Smoked Standing Rib Roast

Around the holidays, there are three dishes I like to prepare on certain days: turkey (smoked or roasted) for Thanksgiving, ham (citrus and honey glazed) for Christmas, and a rib roast for New Years Day. My traditional rib roast recipe is featured in The Heritage Cookbook, but last weekend I wanted to try out a smoked version of this classic dish, which I’m sharing today.

I tested this recipe on my new pellet smoker (full review here), but it would work well on a charcoal or gas smoker setup, too, which I detail at the bottom of this post. Don’t have a smoker? No worries, this is the exact method I make for an oven roast, and I simply put it in the oven at 180F for Step #2. It comes out great that way, too.

Smoked Standing Rib Roast (Gluten-free, Paleo, Primal, Perfect Health Diet, Keto)

  • Servings: 6
  • Difficulty: Moderate

1 standing rib or sirloin roast (bone-in prefered), about 5 lbs
1 tbsp kosher salt
1 tbsp black pepper
1 tbsp ground mustard (Colman’s prefered)

1. In a small bowl, combine the salt, pepper, and mustard. Pat the roast dry, then rub all over with the salt mixture. Place on a plate (suspended over a small wire rack if possible) and refrigerate overnight, uncovered.

2. The following day, prepare your smoker for indirect smoking (more instructions here), with a target temperature of 180F (but up to 200F is fine). Place the roast on the smoker, fatty-side up, and smoke until the internal temperature reaches 125F for a medium (pink all the way through) done roast, or 120F if you’d like it a little bloodier. This part of the process will take at least 3 hours, but up to 5 hours depending on the size of the roast (and whether or not it is bone-in).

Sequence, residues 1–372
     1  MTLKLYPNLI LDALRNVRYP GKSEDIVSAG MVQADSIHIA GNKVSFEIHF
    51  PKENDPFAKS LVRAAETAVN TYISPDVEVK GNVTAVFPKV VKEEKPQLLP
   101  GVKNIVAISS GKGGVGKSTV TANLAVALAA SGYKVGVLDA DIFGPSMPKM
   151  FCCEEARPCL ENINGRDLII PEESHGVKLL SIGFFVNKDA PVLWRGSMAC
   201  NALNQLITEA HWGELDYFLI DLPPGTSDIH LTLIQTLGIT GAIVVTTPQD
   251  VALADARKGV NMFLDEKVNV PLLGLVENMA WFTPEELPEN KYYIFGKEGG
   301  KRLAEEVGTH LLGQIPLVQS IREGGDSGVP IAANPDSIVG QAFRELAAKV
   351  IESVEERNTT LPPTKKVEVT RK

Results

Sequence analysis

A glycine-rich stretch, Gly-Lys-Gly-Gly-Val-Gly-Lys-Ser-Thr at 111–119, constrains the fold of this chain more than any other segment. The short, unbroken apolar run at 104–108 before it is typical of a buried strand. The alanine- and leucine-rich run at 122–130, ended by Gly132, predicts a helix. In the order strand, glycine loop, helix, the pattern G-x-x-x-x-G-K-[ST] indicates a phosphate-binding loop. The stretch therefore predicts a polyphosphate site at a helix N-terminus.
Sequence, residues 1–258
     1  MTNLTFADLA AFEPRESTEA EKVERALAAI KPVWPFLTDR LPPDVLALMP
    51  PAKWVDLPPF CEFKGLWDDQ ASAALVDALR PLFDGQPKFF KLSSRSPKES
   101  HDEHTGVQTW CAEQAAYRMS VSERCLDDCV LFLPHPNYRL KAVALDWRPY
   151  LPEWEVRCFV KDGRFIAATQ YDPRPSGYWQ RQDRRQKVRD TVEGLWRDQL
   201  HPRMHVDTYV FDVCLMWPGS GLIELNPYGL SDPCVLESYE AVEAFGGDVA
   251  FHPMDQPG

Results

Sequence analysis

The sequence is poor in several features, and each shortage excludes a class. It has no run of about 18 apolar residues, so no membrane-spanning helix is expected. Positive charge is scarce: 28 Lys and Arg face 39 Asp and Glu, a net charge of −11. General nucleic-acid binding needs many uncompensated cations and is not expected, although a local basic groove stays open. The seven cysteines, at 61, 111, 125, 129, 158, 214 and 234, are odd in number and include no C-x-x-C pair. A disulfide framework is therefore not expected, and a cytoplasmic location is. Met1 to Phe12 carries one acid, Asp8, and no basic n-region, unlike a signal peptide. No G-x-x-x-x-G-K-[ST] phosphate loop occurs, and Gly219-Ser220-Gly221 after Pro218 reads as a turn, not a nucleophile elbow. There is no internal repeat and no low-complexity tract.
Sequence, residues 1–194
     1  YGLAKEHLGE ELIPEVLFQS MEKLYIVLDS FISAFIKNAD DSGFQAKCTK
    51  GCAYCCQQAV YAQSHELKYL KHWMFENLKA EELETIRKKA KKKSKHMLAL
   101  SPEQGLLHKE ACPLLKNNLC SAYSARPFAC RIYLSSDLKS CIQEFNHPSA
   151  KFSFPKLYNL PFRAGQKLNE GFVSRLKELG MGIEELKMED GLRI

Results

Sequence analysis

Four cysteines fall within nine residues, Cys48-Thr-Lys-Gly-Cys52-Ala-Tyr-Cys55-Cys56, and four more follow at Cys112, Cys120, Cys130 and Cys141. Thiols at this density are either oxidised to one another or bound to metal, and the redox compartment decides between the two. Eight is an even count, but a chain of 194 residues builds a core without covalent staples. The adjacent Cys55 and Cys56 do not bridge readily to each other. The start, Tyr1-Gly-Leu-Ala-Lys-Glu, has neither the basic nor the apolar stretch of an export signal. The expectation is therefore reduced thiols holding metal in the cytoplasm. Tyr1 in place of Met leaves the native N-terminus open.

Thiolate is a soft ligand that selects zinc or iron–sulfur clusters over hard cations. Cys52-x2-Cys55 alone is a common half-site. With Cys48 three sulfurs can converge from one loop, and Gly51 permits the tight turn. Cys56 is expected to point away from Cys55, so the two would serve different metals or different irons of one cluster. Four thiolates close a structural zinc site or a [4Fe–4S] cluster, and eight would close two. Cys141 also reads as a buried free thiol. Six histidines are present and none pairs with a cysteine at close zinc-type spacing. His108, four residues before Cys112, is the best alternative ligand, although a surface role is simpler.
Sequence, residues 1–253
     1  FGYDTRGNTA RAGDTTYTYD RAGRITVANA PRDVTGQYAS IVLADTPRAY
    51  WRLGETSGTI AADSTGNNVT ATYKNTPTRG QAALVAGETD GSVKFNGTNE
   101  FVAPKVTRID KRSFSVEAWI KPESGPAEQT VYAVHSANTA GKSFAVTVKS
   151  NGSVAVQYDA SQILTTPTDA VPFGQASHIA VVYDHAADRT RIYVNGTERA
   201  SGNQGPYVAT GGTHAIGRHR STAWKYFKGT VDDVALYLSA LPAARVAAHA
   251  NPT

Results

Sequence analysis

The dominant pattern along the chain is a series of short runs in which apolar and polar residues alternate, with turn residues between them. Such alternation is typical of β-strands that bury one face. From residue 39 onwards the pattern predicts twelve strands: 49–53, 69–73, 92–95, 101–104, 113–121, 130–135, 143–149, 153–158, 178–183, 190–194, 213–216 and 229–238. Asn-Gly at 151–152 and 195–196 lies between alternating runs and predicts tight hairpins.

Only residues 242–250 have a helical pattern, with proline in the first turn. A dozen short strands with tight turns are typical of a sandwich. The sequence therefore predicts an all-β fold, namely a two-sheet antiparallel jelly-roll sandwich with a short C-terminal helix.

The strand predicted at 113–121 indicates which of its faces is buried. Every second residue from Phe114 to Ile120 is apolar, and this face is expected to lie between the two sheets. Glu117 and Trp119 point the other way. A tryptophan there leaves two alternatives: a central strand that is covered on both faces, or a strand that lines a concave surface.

3. As the roast gets close to temperature, pre-heat your oven to 450F (up to 500F if your oven will go that high). Place in the oven and roast until the outside is dark brown and crispy, about 10 minutes. Remove from the oven and rest for 15 minutes, then slice and serve.

16 thoughts on “Smoked Standing Rib Roast

  1. WOW! We’ll be giving this a shot once we have our pellet grill. (My husband’s home-built smoker lacks the necessary temp calibration finesse.) Thanks for this, Russ!

    Liked by 1 person

  2. What’s in the pellets though? Do you have to use special ones to be sure they’re not partly wheat stalks? I have a hard time with smoke flavors now and I’ve never been able to feel safe using pellets. Sorry if you already answered that question in your articles, I didn’t see it.

    Looks delicious though, great job!

    Like

    1. Hi Angelica, there are many pellets out there that use fillers and oils, but the ones I buy from Camp Chef are 100% hardwood. They also sell some on Amazon that are 100% – I’ve heard good things about “CookinPellets” brand as well.

      Liked by 1 person

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